Taylor C. Hadden — Game Designer

Aurora Combat Part 1 — Creating a Combat System

This blog is being set up to document my various independent game projects as I work on them. I tend to have a small collection of side projects that each progress as I feel inspiration to work on them. Having a small collection of different projects means that I’m unlikely to find myself stuck on all of them and thus do no work at all.

The current project that is tickling my fancy is meant to be a flexible combat design tool. I enjoy working with combat systems, but one of the things I don’t like is the overhead required to get one working at the most basic level. Having to do that just to play with a concept or a control scheme is exceptionally irritating. Thus, the purpose of this project is to create a tool that will allow me to build a combat system relatively quickly, and then be able to expand and iterate on that system easily and painlessly with minimal code changes. If this works out, I may extend it to be able to work in an actual game environment.

Planning Out the Execution

I’m going to be working in Unity 3d. Unity is a great prototyping tool because of its very user-friendly editor and editor extensions, and it’s an environment that I’m quite comfortable in.

I don’t know precisely what the actual code structure of this system is going to be yet. Any seriously detailed plans I make at this point are going to be little more than educated guesses. For that reason, I’m going to start from the smallest bits of functionality (a character swings a sword) and move on to more complicated interactions (a character swings a sword and hits something) and upwards until the system has the features that I want.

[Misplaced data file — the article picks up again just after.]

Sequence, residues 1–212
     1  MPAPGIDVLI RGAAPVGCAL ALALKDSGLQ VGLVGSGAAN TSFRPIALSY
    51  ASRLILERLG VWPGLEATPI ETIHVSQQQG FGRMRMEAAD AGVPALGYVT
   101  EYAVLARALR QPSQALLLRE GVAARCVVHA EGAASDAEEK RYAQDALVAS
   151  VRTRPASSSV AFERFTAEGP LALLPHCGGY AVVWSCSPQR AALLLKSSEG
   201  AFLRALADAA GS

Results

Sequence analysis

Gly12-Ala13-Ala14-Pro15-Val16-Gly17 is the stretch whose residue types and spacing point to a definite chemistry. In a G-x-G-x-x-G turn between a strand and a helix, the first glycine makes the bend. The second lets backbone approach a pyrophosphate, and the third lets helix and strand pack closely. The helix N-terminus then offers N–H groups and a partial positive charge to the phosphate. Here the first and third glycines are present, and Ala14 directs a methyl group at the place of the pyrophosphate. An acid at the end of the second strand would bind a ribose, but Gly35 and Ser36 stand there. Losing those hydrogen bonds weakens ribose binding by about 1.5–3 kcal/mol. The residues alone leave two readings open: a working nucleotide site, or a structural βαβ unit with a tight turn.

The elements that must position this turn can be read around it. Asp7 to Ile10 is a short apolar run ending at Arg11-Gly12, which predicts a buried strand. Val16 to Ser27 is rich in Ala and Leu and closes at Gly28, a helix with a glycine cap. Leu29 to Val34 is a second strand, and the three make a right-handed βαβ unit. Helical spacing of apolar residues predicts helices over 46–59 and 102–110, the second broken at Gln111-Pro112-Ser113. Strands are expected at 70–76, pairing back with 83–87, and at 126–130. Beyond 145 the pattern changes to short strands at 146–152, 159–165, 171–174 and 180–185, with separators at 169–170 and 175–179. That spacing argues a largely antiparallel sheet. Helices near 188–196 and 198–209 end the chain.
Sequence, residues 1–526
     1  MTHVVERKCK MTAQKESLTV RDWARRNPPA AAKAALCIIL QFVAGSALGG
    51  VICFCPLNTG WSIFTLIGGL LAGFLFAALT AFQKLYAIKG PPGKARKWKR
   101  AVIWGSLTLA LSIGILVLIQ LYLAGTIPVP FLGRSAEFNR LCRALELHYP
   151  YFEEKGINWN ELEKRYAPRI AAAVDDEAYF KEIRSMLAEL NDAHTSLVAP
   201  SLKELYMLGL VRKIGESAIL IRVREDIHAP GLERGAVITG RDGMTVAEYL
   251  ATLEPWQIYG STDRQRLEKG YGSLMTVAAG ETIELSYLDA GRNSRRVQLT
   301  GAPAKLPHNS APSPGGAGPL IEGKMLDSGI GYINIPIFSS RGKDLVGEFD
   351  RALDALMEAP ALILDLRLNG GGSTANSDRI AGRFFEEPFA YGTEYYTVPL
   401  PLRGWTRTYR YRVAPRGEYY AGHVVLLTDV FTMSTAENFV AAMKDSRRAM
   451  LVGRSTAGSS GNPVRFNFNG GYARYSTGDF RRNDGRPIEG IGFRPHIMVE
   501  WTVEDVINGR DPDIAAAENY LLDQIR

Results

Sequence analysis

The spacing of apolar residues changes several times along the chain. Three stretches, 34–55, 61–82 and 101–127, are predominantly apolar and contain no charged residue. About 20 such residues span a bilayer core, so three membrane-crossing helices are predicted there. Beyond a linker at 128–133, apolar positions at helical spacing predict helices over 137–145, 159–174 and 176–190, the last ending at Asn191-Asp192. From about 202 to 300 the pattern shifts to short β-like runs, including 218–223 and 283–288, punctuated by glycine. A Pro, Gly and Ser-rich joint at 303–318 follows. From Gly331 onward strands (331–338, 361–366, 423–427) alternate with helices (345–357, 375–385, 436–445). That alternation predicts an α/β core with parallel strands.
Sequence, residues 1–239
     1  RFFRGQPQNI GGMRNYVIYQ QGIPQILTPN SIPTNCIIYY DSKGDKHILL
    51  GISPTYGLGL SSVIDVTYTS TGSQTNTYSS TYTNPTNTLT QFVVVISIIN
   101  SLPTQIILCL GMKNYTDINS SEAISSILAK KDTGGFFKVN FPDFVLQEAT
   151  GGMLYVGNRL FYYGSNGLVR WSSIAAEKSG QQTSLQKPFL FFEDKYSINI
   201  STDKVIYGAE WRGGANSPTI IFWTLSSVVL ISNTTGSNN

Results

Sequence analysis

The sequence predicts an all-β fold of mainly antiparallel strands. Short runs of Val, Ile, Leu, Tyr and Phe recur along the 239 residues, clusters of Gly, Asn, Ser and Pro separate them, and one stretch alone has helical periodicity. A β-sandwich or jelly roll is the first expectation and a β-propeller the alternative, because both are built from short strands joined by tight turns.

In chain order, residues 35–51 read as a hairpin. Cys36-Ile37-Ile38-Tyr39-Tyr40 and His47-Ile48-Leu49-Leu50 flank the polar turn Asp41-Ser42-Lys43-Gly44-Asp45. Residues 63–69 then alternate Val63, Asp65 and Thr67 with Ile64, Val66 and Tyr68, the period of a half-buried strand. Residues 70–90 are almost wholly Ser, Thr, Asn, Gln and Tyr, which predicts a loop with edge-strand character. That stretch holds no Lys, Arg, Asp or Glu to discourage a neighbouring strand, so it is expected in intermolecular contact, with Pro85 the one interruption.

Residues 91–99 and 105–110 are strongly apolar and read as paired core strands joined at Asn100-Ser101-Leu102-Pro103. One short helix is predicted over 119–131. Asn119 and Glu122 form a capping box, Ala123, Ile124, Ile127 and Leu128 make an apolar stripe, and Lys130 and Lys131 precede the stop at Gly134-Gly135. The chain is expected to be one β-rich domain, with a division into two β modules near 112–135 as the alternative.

So what are those features? Here are some of the broad concepts and features I want this system to have:

  • Stance-based Combat — Collections of attacks will be grouped up into “Stances.” Stances will have different relationships to one-another. For example, the “Guard” stance might automatically block the “Heavy” stance, whereas the only way to block attacks from the “Fast” stance will be to cancel them out with other “Fast” stance attacks.
  • Swordplay Focused — Though I will try to make the system itself as abstract and non-specific as possible, my first iteration will be for one vs one sword combat.
  • Dynamic Movement and Animation — I’m not an artist, so I don’t want to have to make countless animations for this system to work. I want to be able to set what characters are going to do from within Unity’s editor.
  • Physics-based Interactions — There’s no point in creating a dynamic animation system if it plays the same way every time. I want the character’s swords to interact in a physical and generative way.
  • Stat-based Interactions — I also want to support character statistics that will modify how the characters fight. Examples of this would be the strength or speed of an attack.
  • Encapsulated Controls — The input methods for combatants will be separated from the actual systems. The input will only see a list of attack “types” (Attack 1, Attack 2; horizontal, vertical, lunge; etc) and Stances.

Now, this list is quite intense, and the system it details is rather expansive. I expect this to take a long time, but the journey is half the point. As I said before, I’m going to start with very basic functionality and work up from there, with the goal of having the final structure evolve naturally.

Let’s get to it.

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